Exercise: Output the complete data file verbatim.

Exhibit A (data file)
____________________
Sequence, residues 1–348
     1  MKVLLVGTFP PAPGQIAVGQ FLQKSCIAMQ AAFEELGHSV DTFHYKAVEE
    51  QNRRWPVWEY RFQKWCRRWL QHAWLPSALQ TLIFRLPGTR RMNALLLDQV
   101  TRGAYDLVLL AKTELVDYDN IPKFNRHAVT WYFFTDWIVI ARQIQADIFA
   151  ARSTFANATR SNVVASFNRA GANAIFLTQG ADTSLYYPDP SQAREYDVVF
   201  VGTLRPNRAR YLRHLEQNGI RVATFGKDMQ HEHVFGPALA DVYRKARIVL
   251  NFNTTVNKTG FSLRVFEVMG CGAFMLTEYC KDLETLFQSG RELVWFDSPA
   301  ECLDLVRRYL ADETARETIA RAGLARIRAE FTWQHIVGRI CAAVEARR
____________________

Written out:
Sequence, residues 1–348
     1  MKVLLVGTFP PAPGQIAVGQ FLQKSCIAMQ AAFEELGHSV DTFHYKAVEE
    51  QNRRWPVWEY RFQKWCRRWL QHAWLPSALQ TLIFRLPGTR RMNALLLDQV
   101  TRGAYDLVLL AKTELVDYDN IPKFNRHAVT WYFFTDWIVI ARQIQADIFA
   151  ARSTFANATR SNVVASFNRA GANAIFLTQG ADTSLYYPDP SQAREYDVVF
   201  VGTLRPNRAR YLRHLEQNGI RVATFGKDMQ HEHVFGPALA DVYRKARIVL
   251  NFNTTVNKTG FSLRVFEVMG CGAFMLTEYC KDLETLFQSG RELVWFDSPA
   301  ECLDLVRRYL ADETARETIA RAGLARIRAE FTWQHIVGRI CAAVEARR